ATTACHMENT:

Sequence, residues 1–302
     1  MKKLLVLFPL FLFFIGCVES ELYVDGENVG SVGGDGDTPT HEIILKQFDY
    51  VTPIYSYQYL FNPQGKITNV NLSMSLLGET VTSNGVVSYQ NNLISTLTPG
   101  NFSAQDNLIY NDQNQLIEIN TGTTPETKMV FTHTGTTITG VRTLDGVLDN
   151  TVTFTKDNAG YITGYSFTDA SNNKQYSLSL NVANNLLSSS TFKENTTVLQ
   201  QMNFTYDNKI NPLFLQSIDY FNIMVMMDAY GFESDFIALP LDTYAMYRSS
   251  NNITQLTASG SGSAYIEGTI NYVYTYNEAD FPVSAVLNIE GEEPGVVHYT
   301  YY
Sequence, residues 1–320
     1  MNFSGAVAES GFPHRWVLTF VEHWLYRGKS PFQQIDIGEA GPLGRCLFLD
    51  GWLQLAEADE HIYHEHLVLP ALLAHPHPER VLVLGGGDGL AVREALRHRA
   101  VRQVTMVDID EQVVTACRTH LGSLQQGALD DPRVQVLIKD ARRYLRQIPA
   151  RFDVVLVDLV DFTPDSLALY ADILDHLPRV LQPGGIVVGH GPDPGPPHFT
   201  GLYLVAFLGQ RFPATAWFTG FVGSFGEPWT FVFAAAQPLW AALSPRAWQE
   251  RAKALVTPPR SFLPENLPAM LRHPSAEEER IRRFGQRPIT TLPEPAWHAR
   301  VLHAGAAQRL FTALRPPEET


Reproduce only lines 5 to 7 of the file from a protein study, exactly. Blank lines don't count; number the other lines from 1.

   151  TVTFTKDNAG YITGYSFTDA SNNKQYSLSL NVANNLLSSS TFKENTTVLQ
   201  QMNFTYDNKI NPLFLQSIDY FNIMVMMDAY GFESDFIALP LDTYAMYRSS
   251  NNITQLTASG SGSAYIEGTI NYVYTYNEAD FPVSAVLNIE GEEPGVVHYT